Rick, I really don't know where to start, this was like reading forum post from a Steam Train fan club....
Okay, lets start with the TV:
If you aren't going to pay too much for a Panasonic TV then buy Korean, they are the only ones really doing "value for money" these days and the quality of LG and Samsung is good. Most of 'the rest' are actually outsourcing to other companies anyway, so brands aren't what they used to be.
Keep your existing speakers, assuming they are in good condition and you paid good money for them, then just buy an AV amplifier or Home Cinema system, they don't cost alot these days. Take a look at the Onkyo TX-NR 515 or 525, they won't break the bank and are quite good (and they include an FM radio).
Get a slim Bluray player for less than $100, wouldn't hurt for it to match the brand of the TV you buy because HDMI-CEC will probably work (terrible interop) and will possibly allow you to control the player with your TV remote via the HDMI connection.
3D? Waste of money hype increasingly being abandoned. UltraHD? Too early, buy now and regret it forever. Expensive gold HDMI cables? Won't do anything for the digits. "Smart TV", TV manufacturers tend to abandon their products after they launch them so I prefer to think about external devices (like Roku or Apple TV) when thinking about adding internet functionality to the package.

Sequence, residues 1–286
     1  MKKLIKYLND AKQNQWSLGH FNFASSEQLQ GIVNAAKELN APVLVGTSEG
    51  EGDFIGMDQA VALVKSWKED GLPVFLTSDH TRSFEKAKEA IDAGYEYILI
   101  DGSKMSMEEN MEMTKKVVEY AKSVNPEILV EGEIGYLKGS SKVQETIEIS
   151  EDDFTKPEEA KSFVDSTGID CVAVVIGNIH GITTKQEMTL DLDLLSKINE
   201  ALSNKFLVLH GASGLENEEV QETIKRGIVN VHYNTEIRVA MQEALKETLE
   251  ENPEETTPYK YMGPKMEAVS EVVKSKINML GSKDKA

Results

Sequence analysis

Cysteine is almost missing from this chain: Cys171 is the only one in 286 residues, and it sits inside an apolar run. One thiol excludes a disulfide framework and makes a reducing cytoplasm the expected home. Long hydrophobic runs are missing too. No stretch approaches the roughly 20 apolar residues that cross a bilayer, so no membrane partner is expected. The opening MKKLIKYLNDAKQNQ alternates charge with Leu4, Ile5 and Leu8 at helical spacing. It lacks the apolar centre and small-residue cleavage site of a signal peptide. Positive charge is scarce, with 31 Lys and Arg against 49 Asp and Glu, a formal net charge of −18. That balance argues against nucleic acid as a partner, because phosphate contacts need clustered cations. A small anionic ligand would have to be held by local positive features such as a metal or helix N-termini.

What are the engineering and design challenges in creating successful IoT devices? These devices are usually small, resource-constrained electronics designed to sense, collect, send, and/or interpret data. Some of the devices need to be smart enough to act upon data in real time, 24/7. Are the design challenges the same as with embedded systems, but with a little developer- and IT-skills added in? What do engineers need to know? Rick Merritt talks with two experts about the tools and best options for designing IoT devices in 2016. Specifically the guests will discuss sensors, security, and lessons from IoT deployments.